The Death of the Presentation

Posted on December 21, 2010


One of the looming byproducts of this era of 140-character attention spans and the socializing of business communications may be the demise of the “presentation.”  I certainly hate to see it struggling and in such pain—after all, my blog is titled Present Perfect—but like the Old Year with his scythe yielding to Baby New Year, traditional presentations are rapidly giving way to “engagements.”

This evolution crystallized for me as I was working on the third iteration of a crisis communications program that we continue to redesign to reflect accumulating feedback from participants.  When we initiated the program several years ago, it was only natural to start it off with 90 minutes or so of presentation to educate participants about the elements to consider in a crisis and about handling the news media who may turn up at their front gates even before so-called first responders. The rest of the day was consumed by a tabletop walk-through of the stages of a crisis scenario.

Turns out the scenario was more instructive to the participants than the presentation, so we revised the program to actually put the participants in the middle of a mock crisis and work through the situation as a crisis team, videotaping our steps along the way and reserving the presentation for the end of the program, where we offered instruction founded in the participants’ own experience earlier in the day.

Feedback, however, told us that the afternoon session was lagging in comparison with the morning, so now we are breaking the groups into subgroups to develop their own “reports” on crisis management do’s and don’ts and other critical topics, with our guidance.  Presentation is reserved only for a few key points relating to dealing with media.

We’re beginning to see this same crawling-out-of-the-presentation-sea-onto-the-engagement-shore in other types of business presentations as well.  From courting a new-business prospect to reporting on PR activity to current clients, companies are telling us they want less stand-and-deliver interaction and more “engagement”—conversation, signs of mutual understanding, highly graphical documents, personal chemistry, and Higher Thinking.  When facing a large group, we presenters now find ourselves in the midst of a Twitterfest that reviews, characterizes and reshapes our presentations as we speak. The audience has rejected the presentation format and has transformed it into an engagement with us, whether we like it or not.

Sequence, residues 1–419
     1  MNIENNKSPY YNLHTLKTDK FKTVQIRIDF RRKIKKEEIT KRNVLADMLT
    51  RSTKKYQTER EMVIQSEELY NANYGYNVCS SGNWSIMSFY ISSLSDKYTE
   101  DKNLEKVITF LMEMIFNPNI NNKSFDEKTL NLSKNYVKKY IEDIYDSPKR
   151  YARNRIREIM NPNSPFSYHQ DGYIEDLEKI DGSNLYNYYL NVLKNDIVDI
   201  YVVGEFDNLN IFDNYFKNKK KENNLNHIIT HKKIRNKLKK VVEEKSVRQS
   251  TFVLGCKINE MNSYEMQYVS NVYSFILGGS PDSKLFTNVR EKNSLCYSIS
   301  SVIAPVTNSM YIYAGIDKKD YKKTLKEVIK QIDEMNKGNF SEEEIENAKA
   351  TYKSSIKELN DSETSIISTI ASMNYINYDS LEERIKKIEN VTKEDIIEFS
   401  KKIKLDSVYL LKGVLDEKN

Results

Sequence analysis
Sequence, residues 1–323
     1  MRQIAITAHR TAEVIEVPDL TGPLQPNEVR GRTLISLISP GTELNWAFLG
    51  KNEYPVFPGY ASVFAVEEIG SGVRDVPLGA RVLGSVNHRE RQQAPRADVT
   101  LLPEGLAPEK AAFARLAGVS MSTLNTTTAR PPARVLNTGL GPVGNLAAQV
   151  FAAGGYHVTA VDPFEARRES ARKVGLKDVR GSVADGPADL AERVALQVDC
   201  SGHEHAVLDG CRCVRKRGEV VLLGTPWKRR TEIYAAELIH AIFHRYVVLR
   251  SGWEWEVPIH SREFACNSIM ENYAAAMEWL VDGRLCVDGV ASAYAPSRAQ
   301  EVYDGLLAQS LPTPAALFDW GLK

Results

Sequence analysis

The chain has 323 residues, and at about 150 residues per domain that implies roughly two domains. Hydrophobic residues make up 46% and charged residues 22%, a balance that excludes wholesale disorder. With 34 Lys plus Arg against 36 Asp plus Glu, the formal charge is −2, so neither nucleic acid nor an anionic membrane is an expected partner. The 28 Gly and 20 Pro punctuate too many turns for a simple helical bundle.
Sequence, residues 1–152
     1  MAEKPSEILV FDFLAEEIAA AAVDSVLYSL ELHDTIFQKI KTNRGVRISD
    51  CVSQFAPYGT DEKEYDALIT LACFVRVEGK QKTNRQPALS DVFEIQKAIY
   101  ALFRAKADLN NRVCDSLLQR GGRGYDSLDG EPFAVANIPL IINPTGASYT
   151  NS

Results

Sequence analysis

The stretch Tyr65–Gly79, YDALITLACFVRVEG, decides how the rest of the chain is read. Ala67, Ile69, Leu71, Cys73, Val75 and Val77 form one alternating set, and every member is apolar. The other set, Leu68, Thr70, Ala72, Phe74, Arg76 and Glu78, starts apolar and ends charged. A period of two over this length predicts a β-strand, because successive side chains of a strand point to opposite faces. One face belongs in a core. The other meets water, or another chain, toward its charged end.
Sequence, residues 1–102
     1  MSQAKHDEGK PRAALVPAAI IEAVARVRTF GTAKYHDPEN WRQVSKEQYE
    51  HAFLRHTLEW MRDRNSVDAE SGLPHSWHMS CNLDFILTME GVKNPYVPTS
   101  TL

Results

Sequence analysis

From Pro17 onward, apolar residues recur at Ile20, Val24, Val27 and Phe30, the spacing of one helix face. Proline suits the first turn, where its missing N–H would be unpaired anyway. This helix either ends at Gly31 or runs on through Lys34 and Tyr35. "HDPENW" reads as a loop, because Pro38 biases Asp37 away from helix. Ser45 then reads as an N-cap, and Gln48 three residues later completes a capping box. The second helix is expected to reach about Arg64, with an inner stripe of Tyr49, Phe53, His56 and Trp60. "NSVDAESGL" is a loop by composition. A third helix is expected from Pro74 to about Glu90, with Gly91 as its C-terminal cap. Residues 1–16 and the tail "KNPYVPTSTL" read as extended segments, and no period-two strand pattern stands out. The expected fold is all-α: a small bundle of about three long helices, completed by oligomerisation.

As a result, presenters—perhaps now more appropriately called “engagement masters”—will need to release their grip on conventional presentation elements—from slides to handouts to even the good ol’ Q&A session—and adopt the tools of engagement, if they expect to connect with their audiences.

Tomorrow’s “presentation” (and I mean Wednesday, not five years or five months from now) will need to be an engagement session that incorporates new perspectives and elements, if it is to succeed.  Engagement masters will need, for example, to:

  • Be less autocratic and more Socratic, encouraging “truth” (what we used to call “tips”) to emerge from guided discussion among participants.
  • Embrace social media in their sessions, encouraging audience members to tweet or like, seeking feedback from their messages and the replies of their friends.
  • Break the engagement into modular segments that can be digested in bites and tweeted progressively (the new way to “write it down”) as a method of reinforcing the content that the group has “discovered.”
  • Deploy more visuals in their engagements, including video clips, live video interactions with key individuals who are off-site, props, demonstrations and physical concept models.
  • Turn over a portion of the engagement to the participants themselves to share storytelling, lessons learned, local cultural considerations, planning for next steps and/or other elements.
  • Replace “leave-behinds” with their own blog posts or tweets over a period of days or weeks, furnishing participants who follow them with both refreshed information and links to illustrative clips, articles, images and  sites.

R.I.P., presenters.  Tyvm engagement mstrs & gl n the 140 world.